The China Syndrome

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goodman extreme happinessIn the May 2014 issue of Travel and Leisure magazine, one of my favorite writers Gary Shteyngart writes an astringent yet admiring profile of Beijing and says “This is where it’s at. Beijing, China’s political capital, is where the future will be partly decided and packaged and presented to large swaths of the globe. In last Sunday’s premiere of his critically-acclaimed CNN TV show Parts Unknown, my other favorite writer/raconteur Anthony Bourdain says ironically yet admiringly of Shanghai “What is the future? I don’t know. But to a very great extent, it is surely being determined here. Is there a plan? Probably not. Only appetites.” Many of us who care about the world believe that the 21st century is the “Asian century” with China as its economic linchpin. So a play like Frances Ya-Chu Cowhig’s The World of Extreme Happiness, now receiving a world premiere production at the Goodman Theater before it transfers off-Broadway to the Manhattan Theater Club in February 2015, depicting stories of both urbanites and rural workers driving China’s economic growth, is timely, vital, intriguing. Unfortunately, Cowhig’s play, despite telling fresh narratives that we’ve not seen recently on Chicago stages, is marred by meandering plot threads that dead end in the ether and a perplexing tone that for most of the two hours border on a Sarah Silverman-meets-The Hangover in Asia mélange of toilet humor, slapstick, and broad characterizations. Great concept, flawed execution.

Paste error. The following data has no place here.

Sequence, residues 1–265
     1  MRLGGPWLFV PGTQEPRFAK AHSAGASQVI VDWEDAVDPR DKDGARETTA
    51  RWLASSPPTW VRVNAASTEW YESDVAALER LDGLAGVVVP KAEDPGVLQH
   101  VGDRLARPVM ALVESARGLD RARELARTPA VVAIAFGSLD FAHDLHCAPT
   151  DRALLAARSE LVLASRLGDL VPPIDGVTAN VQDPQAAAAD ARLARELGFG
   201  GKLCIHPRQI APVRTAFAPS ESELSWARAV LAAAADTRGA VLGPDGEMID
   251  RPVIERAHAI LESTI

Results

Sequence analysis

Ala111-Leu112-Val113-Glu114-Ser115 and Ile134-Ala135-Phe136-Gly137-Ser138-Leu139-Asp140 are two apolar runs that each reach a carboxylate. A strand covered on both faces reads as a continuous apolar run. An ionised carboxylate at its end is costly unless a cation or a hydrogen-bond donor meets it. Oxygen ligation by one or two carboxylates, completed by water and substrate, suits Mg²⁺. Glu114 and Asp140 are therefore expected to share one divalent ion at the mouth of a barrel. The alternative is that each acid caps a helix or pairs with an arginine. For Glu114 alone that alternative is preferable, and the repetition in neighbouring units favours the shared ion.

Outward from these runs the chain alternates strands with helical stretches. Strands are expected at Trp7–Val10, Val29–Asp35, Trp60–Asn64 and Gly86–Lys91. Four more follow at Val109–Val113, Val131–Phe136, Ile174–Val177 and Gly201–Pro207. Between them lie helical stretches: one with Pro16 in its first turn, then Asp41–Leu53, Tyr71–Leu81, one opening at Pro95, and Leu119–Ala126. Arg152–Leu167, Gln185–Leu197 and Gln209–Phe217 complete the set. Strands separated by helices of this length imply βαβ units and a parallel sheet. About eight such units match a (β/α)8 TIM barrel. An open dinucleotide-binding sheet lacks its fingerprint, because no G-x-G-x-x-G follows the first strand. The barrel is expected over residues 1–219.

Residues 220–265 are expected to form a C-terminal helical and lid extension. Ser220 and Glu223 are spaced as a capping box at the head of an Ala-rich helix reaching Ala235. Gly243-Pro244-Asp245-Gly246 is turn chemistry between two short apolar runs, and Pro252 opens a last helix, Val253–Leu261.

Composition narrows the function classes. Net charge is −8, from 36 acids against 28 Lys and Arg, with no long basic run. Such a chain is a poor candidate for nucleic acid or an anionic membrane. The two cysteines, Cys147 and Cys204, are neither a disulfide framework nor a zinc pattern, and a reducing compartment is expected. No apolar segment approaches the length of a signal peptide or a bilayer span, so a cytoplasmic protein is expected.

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Ain’t Amour

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chicago shakes king learI’m back! It was a hectic summer where I was literally everywhere, from San Diego to Sao Paulo, from New York City to San Francisco.  But I’m staying put in Chicago for the next several weeks since the fall arts and culture season has begun with its usual loud, notable bang (and for the nth year I’ve thought about finally hiring that cute, virile, foot-massaging male assistant to manage my calendar of show openings and cultural events). All of the major houses have opened their first plays for the season and in the past couple of weeks I was able to catch Chicago Shakespeare Theater’s new, Sinatra-inspired take on King Lear and Victory Garden Theater’s Chicago premiere of newly-minted MacArthur Genius grantee Samuel D. Hunter’s Rest. Intriguingly and coincidentally both shows revolve around the themes of age, aging, and the elderly, and both feature some notable performances from Chicago’s veteran theater actors. Unfortunately both also fall short in treating these important, less-portrayed topics with the power, poignancy, and relatability that they deserve.

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